ROBOTICS FOCUS

Robotics are not a new technology compared to some of the emerging tech out there, and most people will be familiar with some form of it. Robotics include everything from the automated assembly arm in a factory, to the Roomba vacuum cleaner in your house.

Speaking simply, a robot is defined as a physical, programmable machine, which performs tasks ‘autonomously’. So, you can programme the assembly arm to perform the same repetitive tasks all day, without someone having to tell it what to do.

Sometimes, robotics are combined with other technologies such as artificial intelligence or machine learning. This is where things get interesting (and potentially a little bit complicated)…

EYESEE 

Let’s start with a technology most people can wrap their heads around: drones. In warehouses they can pick up relatively mundane tasks such as scanning and ‘reading’ labels. Eyesee claim their drones can complete stock-check up to five times more quickly than other methods, scanning barcodes and keeping track of inventory at a super-fast rate. There’s still a human operator keeping tabs on this particular bot, viewing the scanned information in real-time on a tablet. According to Eyesee, their drones are safe, and will minimise incidences of incorrect stock take.

OCADO

A grocery brand may not be the most immediate thought when conjuring up ideas of robots, however this particular online-only supermarket is clearly an exception. Ocado have been long-known for being ahead of the curve when it comes to adopting tech and automating their processes.

In Ocado’s Andover warehouse, they’ve introduced ‘the hive’: a grid of over 1000 robots together in a grid system. The tasks these robots perform are relatively simple in themselves: lifting, dropping, sorting etc. They are also not independently automatic. They’re instead controlled by a central computer, meaning they act more like an extension of it – a hive-mind. Under the direction of the central computer, the network of robots can perform joint tasks when necessary; for example, communally lifting a heavier load. Ocado’s CTO, Paul Clarke, described the company’s strategy as to ‘disrupt itself’ by updating technology continually, and keeping an edge over their competitors.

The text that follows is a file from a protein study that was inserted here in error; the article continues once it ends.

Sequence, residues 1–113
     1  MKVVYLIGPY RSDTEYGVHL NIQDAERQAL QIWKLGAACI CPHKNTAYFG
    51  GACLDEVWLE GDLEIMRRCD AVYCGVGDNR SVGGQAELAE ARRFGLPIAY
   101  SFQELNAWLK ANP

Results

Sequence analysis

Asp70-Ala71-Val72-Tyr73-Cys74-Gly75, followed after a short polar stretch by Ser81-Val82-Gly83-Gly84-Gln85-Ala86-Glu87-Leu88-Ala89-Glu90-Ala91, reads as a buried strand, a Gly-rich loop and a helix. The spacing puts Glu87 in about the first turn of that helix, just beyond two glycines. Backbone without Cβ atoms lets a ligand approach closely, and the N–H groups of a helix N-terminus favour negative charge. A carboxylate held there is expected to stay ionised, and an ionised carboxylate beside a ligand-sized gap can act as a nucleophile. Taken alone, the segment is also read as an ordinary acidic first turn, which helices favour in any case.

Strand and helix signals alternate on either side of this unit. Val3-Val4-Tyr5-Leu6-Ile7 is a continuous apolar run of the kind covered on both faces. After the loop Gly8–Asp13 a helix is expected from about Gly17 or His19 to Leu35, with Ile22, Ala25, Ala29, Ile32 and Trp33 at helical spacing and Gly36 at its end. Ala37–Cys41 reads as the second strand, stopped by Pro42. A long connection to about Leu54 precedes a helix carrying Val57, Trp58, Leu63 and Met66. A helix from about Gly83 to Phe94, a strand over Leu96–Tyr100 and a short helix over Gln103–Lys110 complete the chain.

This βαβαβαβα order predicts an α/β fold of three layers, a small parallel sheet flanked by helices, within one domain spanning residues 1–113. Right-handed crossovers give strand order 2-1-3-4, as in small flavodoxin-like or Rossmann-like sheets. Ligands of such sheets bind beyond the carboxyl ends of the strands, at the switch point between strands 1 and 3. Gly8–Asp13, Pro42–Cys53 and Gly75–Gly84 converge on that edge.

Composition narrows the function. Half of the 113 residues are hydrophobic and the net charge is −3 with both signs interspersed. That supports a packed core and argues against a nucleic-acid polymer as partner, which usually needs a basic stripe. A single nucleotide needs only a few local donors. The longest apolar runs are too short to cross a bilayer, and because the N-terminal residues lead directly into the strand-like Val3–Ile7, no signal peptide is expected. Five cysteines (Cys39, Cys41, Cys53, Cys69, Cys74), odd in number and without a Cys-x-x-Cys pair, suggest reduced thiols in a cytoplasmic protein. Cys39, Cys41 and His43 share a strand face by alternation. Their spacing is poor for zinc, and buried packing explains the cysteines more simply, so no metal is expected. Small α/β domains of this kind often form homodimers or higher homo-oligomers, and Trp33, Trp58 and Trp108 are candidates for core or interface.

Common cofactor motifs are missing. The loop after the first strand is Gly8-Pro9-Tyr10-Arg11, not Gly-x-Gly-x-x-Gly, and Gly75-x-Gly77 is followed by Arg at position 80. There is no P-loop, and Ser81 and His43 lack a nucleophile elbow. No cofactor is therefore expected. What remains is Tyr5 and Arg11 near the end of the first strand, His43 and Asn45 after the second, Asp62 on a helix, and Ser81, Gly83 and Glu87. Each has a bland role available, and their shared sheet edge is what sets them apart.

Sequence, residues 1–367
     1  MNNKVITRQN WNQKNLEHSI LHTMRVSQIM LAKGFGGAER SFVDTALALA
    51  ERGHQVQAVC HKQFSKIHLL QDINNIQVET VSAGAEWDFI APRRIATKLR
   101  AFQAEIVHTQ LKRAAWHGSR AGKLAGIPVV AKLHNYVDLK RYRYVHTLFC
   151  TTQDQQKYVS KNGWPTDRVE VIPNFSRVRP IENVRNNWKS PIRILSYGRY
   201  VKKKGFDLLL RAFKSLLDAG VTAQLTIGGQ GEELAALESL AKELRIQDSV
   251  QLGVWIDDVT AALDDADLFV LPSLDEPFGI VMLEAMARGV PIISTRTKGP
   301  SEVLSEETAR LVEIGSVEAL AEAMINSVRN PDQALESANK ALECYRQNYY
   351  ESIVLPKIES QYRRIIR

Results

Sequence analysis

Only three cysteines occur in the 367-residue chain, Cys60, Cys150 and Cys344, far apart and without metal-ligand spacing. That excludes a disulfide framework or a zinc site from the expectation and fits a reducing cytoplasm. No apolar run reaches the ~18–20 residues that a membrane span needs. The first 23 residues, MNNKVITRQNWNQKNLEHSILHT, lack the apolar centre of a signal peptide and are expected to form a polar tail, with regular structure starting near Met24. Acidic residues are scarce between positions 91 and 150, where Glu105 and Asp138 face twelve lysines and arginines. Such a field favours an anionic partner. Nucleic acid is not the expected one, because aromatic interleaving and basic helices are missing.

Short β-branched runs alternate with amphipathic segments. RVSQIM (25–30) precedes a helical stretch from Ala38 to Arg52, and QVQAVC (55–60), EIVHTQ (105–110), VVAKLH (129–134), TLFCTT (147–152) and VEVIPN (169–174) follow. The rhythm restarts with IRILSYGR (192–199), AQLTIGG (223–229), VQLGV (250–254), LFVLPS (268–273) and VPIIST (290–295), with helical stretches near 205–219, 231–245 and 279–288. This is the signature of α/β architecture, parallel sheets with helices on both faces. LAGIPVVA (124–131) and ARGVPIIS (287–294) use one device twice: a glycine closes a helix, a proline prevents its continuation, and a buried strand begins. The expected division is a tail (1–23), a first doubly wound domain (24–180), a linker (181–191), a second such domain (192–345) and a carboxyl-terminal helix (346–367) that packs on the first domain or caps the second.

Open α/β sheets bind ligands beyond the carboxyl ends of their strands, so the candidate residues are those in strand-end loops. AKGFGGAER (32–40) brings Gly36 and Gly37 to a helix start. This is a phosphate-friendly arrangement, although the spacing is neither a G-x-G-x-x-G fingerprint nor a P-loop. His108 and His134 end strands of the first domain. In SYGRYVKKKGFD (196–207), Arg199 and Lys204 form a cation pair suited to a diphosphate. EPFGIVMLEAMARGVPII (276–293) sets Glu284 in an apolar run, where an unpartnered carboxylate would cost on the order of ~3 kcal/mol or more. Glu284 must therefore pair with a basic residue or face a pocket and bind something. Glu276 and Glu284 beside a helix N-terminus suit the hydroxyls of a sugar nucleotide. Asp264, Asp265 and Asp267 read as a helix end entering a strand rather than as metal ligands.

KINDRED

Kindred was in part funded by Google Alphabet Chairman, Eric Smidt’s VC fund, so you know it’s got promise.  Kindred’s robots are actually used by Gap Inc., sorting items from a conveyor belt, and taking t-shirts, jeans, accessories and more to their relevant drop-off zones. The robots are powered by a subset of Artificial Intelligence called Deep Learning. 

By using Deep Learning, the robots are able to differentiate a children’s t-shirt from a pair of earrings – no mean feat. Even more impressively, this branch of Deep Learning allows the machines to retain knowledge and skills over time: for example, recognising a pair of sunglasses and learning that it should be grasped more gently than a pair of men’s jeans. The result is less Ex-Machina and more Wall-e – and entirely impressive.  

Summary

This isn’t the end of the human employee. In all of the warehouses mentioned above, there are human workers – in fact, the robots are currently easing human workload amidst employee shortages, rather than replacing jobs entirely. Ultimately, these machines are often faster, cheaper and more efficient, and are opening up opportunities for companies to hire workers with a much broader skillset altogether.  

Sarah O’Connell, Senior Editor, FORWARDER magazine